Season 4

The fourth and final season received mixed-to-negative reviews overall, with criticism aimed at the poor execution of its topics, the writing, time jumps, and story, while the ending had a divided reception. However, some people considered it a slight improvement over the previous season and praised the acting, the brief return of Hannah Baker, and the technical aspects. On Rotten Tomatoes, the final season scores a critic rating of 25%. The site's critical consensus reads "13 Reasons Why closes with a chaotic final chapter that betrays what little dignity remained in the tragic lives of its central teens."[22]

Audience reception was mixed-to-negative. It received a 51% audience rating on Rotten Tomatoes.[22] On Metacritic, the season received a user score of 4.6/10, indicating "mixed or average reviews."[23] On IMDb, Season 4 episodes received generally mixed reviews.[24] YouTube reviewers were much more critical. I Hate Everything criticised the show's characters, unsatisfying ending, ridiculous plots, and continued poor depiction of serious subjects.[25] Alex Meyers similarly criticised the plots and the unsatisfying ending, as well as the general poor message of the show.[26]

Trivia

  • The show spawned the "Welcome to your tape" meme.[27]
  • There is a BTS documentary series titled Beyond the Reasons. The first, second, and third seasons of the show were released respectively along with the show's first, second, and third seasons. The series shows how the creators dealt with scenes dealing with suicide and sexual assault.
  • The character of Ani was the most hated character in the show. The character received so much backlash that Grace Saif, the actress who portrayed her, was forced to quit social media.[28]

Videos

Overall

YMS' Edited Version playlist

Season 1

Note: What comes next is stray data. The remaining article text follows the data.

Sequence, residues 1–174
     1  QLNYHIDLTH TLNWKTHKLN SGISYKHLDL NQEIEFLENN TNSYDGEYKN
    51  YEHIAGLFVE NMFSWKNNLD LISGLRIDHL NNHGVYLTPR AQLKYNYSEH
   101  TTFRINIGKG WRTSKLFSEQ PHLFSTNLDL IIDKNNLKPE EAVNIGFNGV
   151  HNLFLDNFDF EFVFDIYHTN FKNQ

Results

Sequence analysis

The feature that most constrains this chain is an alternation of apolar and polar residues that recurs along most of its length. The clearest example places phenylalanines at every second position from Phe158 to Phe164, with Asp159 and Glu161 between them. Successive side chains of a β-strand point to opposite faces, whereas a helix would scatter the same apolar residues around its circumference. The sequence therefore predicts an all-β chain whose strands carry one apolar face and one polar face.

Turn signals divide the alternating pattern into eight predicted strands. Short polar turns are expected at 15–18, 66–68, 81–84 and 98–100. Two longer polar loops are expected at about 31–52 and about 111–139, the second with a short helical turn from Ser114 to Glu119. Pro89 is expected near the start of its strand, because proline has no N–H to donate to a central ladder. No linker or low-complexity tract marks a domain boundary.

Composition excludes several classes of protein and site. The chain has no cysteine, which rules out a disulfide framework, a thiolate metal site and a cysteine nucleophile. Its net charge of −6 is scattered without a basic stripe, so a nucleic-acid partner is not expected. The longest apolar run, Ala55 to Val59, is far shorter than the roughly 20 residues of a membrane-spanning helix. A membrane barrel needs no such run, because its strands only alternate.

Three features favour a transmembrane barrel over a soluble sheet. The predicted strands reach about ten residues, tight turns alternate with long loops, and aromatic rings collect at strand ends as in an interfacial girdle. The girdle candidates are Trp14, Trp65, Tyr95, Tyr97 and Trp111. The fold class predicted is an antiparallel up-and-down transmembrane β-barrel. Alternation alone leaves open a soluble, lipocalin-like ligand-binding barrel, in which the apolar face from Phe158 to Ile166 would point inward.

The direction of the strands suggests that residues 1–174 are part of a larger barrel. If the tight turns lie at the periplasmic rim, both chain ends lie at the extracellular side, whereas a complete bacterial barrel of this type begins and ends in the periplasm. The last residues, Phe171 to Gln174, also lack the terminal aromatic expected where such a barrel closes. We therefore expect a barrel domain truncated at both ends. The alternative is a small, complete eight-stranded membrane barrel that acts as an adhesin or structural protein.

Season 2

Season 3

Season 4

References

  1. ↑ 1.0 1.1 "Concerns over depictions of depression and suicide" section on the 13 Reasons Why page on Wikipedia
  2. ↑ https://www.rottentomatoes.com/tv/13_reasons_why
  3. ↑ https://www.metacritic.com/tv/13-reasons-why/
  4. ↑ https://www.imdb.com/title/tt1837492/?ref_=nv_sr_srsg_0_tt_8_nm_0_q_13%2520Reasons%2520Why
  5. ↑ See overall video 1
  6. ↑ 6.0 6.1 https://www.rottentomatoes.com/tv/13_reasons_why/s01
  7. ↑ 7.0 7.1 https://www.metacritic.com/tv/13-reasons-why/season-1/
  8. ↑ https://www.imdb.com/title/tt1837492/episodes/?season=1&ref_=tt_eps_sn_1
  9. ↑ See season 1 video 1
  10. ↑ See overall video 1 and season 1 videos 2, 3, 4, 5
  11. ↑ 11.0 11.1 https://www.rottentomatoes.com/tv/13_reasons_why/s02
  12. ↑ 12.0 12.1 https://www.metacritic.com/tv/13-reasons-why/season-2/
  13. ↑ https://www.imdb.com/title/tt1837492/episodes/?season=2
  14. ↑ See overall video 1
  15. ↑ See season 2 video 1
  16. ↑ See season 2 video 2
  17. ↑ 17.0 17.1 https://www.rottentomatoes.com/tv/13_reasons_why/s03
  18. ↑ 18.0 18.1 https://www.metacritic.com/tv/13-reasons-why/season-3/
  19. ↑ https://www.imdb.com/title/tt1837492/episodes/?season=3
  20. ↑ See season 3 video 1
  21. ↑ See season 3 video 3
  22. ↑ 22.0 22.1 https://www.rottentomatoes.com/tv/13_reasons_why/s04
  23. ↑ https://www.metacritic.com/tv/13-reasons-why/season-4/
  24. ↑ https://www.imdb.com/title/tt1837492/episodes/?season=4
  25. ↑ See season 4 video 1
  26. ↑ See season 4 video 3
  27. ↑ https://www.google.com/search?q=welcome+to+your+tape+meme&sca_esv=599112852&rlz=1C1GCEA_enAU992AU992&tbm=isch&sxsrf=ACQVn09iwLOdAZ48vM9rHPm-kP3XVmb8SA:1705493669118&source=lnms&sa=X&ved=2ahUKEwjY2MGCs-SDAxX5i68BHeDuCGgQ_AUoAXoECAIQAw&biw=1280&bih=593&dpr=1.5
  28. ↑ https://www.teenvogue.com/story/13-reasons-why-grace-saif-quits-social-media-bullying-fans